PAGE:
Predictors of coronary angiography in patients with idiopathic dilated cardiomyopathy: the Washington, DC dilated cardiomyopathy study

  • Robert E. Benton
    Affiliations
    Division of Clinical Pharmacology, Department of Medicine, Georgetown University School of Medicine, Washington, DC, USA
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  • Steven S. Coughlin
    Correspondence
    All correspondence should be addressed to: Steven S. Coughlin, Ph.D., Associate Professor, Department of Biostatistics and Epidemiology, School of Public Health and Tropical Medicine, Tulane University, 1430 Tulane Avenue, New Orleans, LA 70112, USA
    Affiliations
    Department of Biostatistics and Epidemiology, Tulane University School of Public Health and Tropical Medicine, New Orleans, LA, USA
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  • Mariella C. Tefft
    Affiliations
    Lombardi Cancer Research Center, Division of Medical Oncology, Georgetown University Medical Center, Washington, DC, USA
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      Abstract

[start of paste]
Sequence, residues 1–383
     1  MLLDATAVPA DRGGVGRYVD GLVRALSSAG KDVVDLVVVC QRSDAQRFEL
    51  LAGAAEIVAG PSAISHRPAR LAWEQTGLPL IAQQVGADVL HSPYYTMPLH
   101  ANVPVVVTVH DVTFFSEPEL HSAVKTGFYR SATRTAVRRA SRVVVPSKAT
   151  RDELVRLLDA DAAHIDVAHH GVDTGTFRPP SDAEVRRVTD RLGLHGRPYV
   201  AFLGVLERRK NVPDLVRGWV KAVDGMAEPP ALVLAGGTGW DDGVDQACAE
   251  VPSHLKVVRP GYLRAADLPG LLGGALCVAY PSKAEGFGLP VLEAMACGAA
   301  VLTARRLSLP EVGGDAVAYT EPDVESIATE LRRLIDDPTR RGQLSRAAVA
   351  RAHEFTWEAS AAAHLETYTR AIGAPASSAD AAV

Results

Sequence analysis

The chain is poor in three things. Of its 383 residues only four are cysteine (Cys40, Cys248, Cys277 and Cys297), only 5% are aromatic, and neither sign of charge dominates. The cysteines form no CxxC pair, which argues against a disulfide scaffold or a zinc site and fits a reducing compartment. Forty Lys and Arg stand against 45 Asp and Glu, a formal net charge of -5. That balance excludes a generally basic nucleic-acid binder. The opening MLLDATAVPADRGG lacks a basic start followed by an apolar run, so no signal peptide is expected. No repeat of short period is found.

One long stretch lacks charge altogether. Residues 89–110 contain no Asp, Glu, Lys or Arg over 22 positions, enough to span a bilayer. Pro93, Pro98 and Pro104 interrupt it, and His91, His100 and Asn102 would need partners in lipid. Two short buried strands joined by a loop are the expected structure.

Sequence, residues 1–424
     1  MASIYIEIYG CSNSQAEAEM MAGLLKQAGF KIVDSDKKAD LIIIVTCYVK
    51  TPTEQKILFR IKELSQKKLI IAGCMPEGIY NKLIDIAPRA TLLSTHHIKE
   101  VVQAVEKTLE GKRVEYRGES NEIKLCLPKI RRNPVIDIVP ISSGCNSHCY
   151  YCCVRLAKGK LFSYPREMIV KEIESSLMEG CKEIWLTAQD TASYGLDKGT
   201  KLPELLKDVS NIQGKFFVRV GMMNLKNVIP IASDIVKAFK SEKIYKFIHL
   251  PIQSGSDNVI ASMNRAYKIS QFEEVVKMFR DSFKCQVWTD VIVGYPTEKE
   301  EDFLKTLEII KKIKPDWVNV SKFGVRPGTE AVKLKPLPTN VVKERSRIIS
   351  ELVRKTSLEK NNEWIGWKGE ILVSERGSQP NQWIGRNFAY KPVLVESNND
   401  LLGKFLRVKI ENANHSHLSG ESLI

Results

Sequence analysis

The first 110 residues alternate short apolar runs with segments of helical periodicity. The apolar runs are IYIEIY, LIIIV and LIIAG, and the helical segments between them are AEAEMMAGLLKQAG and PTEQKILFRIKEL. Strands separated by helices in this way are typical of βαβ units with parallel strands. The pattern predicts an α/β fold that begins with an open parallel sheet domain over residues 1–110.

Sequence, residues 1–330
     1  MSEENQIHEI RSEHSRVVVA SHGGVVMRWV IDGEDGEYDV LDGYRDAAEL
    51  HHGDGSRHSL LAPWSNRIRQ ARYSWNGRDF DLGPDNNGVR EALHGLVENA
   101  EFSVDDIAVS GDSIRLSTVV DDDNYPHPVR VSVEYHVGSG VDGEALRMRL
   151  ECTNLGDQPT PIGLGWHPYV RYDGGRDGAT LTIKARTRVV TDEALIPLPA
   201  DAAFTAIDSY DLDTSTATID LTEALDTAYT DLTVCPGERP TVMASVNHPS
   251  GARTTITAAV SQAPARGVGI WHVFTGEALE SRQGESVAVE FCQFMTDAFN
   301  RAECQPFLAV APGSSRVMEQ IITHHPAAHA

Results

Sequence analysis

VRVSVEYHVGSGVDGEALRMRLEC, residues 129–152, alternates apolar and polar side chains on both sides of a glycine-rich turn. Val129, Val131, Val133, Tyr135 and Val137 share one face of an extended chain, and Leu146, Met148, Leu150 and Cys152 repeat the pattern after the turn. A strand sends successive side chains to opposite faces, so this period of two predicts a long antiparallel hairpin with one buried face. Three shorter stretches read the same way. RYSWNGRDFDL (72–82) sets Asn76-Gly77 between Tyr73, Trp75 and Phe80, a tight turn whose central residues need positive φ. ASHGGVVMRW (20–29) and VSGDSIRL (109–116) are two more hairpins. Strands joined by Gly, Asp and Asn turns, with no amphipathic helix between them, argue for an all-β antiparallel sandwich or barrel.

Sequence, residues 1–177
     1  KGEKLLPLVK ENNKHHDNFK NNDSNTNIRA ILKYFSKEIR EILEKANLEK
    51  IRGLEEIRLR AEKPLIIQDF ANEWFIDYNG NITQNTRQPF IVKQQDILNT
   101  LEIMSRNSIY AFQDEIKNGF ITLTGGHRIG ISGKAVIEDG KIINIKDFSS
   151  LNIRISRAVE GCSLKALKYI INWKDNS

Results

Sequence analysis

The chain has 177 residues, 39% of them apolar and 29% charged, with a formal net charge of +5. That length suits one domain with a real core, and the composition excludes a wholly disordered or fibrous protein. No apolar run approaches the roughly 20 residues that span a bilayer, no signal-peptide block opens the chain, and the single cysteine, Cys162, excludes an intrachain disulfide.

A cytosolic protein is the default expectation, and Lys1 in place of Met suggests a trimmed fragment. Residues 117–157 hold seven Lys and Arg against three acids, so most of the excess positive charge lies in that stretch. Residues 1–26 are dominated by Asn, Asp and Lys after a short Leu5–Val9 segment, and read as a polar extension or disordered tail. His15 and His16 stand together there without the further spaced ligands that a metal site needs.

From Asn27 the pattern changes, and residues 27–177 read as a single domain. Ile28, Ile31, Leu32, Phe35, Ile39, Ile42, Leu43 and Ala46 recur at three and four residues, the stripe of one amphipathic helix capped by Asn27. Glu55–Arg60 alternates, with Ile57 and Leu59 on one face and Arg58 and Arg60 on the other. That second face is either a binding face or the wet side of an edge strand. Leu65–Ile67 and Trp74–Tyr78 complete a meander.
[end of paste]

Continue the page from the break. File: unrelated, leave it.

Although a number of clinical and demographic factors have been associated with the performance of angiography in cardiac patients, clinical studies of idiopathic dilated cardiomyopathy (DCM) have often excluded patients who have not undergone coronary angiography to rule out coronary artery disease (CAD). To examine the impact of this diagnostic criterion on population-based studies of idiopathic DCM, we examined characteristics of probable cases of DCM who did or did not have a recorded history of angiography. The cases (n = 129) were ascertained from five medical centers in the Washington, DC metropolitan area over the period 1 July 1990 through 29 February 1992. All of these cases had evidence of ventricular dilation and hypokinesis, with a left ventricular ejection fraction of less than 40%. Cases with a history of known CAD, congenital heart disease, valvular heart disease, or secondary cardiomyopathy were excluded. Sixty-two (48%) of the cases had a recorded history of angiography. Age, educational level, diabetes, alcohol use, insurance status, and type of hospital were significantly associated with angiography in bivariate analysis (p < 0.05). Diabetes and hypertension were inversely associated with history of angiography among black cases, and positively associated with angiography among whites. In logistic regression analysis, age was the strongest independent predictor of angiography (p < 0.025). The associations with educational attainment and alcohol use were of borderline significance (p < 0.10). Thus, in epidemiologic studies of idiopathic DCM, particularly in biracial populations, the exclusion of cases who have not undergone angiography may bias risk estimates and result in the underestimation of incidence and prevalence.

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